Mercury Speculation Distraction But Not Diverting Buyers, Exec Says
As soon as it figures out Mercury’s future, Ford will let everyone know, the brand’s marketing head says.
CHICAGO – Continued speculation about the future of Mercury isn’t hurting sales, but it is making some dealers nervous, the brand’s marketing chief acknowledges.
Mercury’s viability was called into question again in recent weeks, as Tracinda Corp. advisor Jerry York was quoted as saying he was convinced Ford Motor Co. eventually would dump the brand, remarks he later apologized for to Ford.
Tracinda is billionaire Kirk Kerkorian’s investment arm, which recently signaled plans to acquire at least 5.6% of Ford stock.
“Actually, we had a good April,” says Brett Wheatley, general marketing manager for Lincoln Mercury. “It is a concern among our dealers, but it is fairly clear that we have not made a decision yet on Mercury.
“But we’re working on a fast solution.”
Combined, Lincoln Mercury sales were down 26.8% in April in a light-vehicle market off 13.7%, Ward’s data shows. The Milan was the lone Mercury model posting a gain, up 4.5%.
Wheatley points out the number of new models coming for the brand.
“We have a redesigned Milan and Milan hybrid coming and new Mariner powertrains, (including a new 4-cyl. and an upgraded V-6 along with a 6-speed automatic transmission),” he says, adding the Milan is due in January as a ’10 model.
“We’d like to get the Milan hybrid sooner because of gas prices, but can’t,” he says.
In the meantime, Ford will focus on EcoBoost, its new more fuel-efficient engine technology that combines gasoline direct injection and turbocharging. Ecoboost will be featured on the ’10 versions of the upcoming ’09 model Lincoln MKS sedan and Ford Flex, Wheatley notes.
The MKS is due to hit the market in a few weeks and the Flex cross/utility vehicle reaches showrooms this summer.
But Wheatley admits the rumors have been a distraction.
“There isn’t a lot of general public awareness about the speculation over Mercury outside the company and our dealers,” he says. “The speculation has come from the media. But no plans have been decided and no one has canceled an order, and there has been no negative impact on sales.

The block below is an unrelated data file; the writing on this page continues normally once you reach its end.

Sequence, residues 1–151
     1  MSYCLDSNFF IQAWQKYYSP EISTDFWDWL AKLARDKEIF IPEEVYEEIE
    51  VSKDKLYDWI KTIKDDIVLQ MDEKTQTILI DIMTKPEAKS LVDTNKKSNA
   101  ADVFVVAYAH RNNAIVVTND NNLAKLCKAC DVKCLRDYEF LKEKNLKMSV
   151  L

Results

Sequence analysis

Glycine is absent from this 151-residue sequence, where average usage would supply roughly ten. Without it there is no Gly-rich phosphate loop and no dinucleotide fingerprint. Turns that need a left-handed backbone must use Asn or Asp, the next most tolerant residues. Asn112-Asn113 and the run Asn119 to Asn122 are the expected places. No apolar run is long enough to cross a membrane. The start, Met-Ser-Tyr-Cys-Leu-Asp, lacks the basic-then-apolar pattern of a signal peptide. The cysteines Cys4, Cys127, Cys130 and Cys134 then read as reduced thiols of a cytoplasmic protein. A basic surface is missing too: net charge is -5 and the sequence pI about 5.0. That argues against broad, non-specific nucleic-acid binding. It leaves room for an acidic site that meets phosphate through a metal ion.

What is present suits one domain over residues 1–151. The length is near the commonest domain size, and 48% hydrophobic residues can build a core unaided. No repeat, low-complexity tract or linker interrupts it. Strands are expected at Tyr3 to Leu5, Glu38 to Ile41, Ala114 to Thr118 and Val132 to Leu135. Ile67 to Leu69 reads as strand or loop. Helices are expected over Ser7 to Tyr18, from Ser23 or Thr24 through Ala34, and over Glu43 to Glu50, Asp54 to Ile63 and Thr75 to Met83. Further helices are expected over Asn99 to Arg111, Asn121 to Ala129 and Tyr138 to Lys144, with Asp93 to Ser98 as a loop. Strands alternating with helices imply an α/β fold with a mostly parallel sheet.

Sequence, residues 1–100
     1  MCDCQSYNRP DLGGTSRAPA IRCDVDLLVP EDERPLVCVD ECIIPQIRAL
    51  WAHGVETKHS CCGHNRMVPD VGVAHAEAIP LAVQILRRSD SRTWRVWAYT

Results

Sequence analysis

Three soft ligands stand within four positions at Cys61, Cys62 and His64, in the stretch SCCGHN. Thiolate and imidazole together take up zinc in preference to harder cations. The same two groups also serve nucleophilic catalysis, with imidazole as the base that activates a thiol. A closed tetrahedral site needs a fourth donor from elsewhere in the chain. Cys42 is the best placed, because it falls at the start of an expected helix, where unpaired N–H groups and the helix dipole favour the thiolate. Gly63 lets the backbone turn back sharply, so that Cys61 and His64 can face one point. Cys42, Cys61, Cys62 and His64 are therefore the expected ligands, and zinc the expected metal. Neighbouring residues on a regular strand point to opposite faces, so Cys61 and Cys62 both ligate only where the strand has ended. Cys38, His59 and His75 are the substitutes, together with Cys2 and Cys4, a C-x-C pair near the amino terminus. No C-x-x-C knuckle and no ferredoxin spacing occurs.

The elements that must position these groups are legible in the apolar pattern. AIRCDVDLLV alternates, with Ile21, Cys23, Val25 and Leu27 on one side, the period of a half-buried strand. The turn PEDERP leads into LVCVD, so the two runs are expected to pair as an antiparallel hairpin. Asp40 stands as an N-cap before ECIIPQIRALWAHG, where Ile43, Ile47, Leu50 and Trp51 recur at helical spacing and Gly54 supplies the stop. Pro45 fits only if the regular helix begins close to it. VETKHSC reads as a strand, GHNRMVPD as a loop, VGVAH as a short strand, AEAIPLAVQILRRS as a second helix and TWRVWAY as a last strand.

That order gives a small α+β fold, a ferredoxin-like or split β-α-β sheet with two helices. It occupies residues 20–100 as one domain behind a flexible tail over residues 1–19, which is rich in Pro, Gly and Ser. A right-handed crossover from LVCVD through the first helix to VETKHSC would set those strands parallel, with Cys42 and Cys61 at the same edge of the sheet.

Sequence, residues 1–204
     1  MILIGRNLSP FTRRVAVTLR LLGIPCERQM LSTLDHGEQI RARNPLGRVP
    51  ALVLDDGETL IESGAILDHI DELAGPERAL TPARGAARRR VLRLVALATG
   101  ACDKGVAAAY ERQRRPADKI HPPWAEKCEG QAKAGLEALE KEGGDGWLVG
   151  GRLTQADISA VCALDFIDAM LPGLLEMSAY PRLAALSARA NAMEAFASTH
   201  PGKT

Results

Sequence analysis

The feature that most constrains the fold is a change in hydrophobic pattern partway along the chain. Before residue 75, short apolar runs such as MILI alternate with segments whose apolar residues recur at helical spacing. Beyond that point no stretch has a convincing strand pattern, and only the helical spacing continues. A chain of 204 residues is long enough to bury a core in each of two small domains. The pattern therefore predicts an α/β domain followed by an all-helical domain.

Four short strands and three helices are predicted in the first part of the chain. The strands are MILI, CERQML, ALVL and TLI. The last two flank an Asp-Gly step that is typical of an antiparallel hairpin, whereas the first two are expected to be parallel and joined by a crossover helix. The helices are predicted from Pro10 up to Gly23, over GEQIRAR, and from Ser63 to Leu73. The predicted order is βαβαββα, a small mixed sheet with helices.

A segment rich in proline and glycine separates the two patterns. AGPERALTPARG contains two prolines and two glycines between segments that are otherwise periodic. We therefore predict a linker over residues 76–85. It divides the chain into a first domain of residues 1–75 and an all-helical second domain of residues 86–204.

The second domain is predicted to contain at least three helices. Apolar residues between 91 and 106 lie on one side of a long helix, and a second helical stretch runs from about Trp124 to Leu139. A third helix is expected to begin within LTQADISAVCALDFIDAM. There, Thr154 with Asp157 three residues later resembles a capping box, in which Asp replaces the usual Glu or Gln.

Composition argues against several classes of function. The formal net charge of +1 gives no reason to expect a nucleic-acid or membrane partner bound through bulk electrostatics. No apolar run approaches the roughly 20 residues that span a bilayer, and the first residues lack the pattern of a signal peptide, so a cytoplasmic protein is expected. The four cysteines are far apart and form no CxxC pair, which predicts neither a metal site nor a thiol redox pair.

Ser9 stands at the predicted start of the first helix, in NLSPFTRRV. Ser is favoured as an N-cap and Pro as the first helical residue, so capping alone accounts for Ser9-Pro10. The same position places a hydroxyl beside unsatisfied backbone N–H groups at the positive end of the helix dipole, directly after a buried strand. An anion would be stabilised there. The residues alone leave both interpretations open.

“At the end of the day, it’s speculation from outside that we keep deflecting and keep going. As soon as we have an answer about Mercury we’re going to tell our employees, our workers and the media.
“Everybody has an opinion about Mercury, mostly the media, but also Jerry York.”
Why not scrap Mercury and move its products under the more upscale, higher-margin Lincoln umbrella?
“We’re bullish on Lincoln,” Wheatley says. “It’s doing a good job. (The) MKZ and MKX are doing well and we feel MKS will, too. We already have 7,000 orders for (the) MKS and the sedan isn’t out yet. We hope to sell at least 3,000 a month.
“What we are doing now is discussing our future product cycles, what changes need to be made and what products would be right for what markets and who gets what product – and those decisions still haven’t been made.”
Dealers “are the most concerned,” he says of whether Mercury will survive. “As for product, they have a wish list and it includes small cars and more crossovers.”
An earlier Ward’s analysis indicates 2012 could be the tipping point for the brand, if no new product is allocated between now and then.
Meanwhile, Wheatley says Lincoln will stick with the MK designation on its vehicles, despite some criticism consumers may not know MKZ and MKS denote sedans and the MKX is a CUV.
“It was so expensive to launch the MK nameplates and we have so much equity invested in the MK terminology that it would be hard to undo the MK designation now, and we’ll stick with it,” he says. “ We found it tended to have customers emphasize the Lincoln brand and say, ‘I have a Lincoln X or Z,’ and that has helped the Lincoln brand.”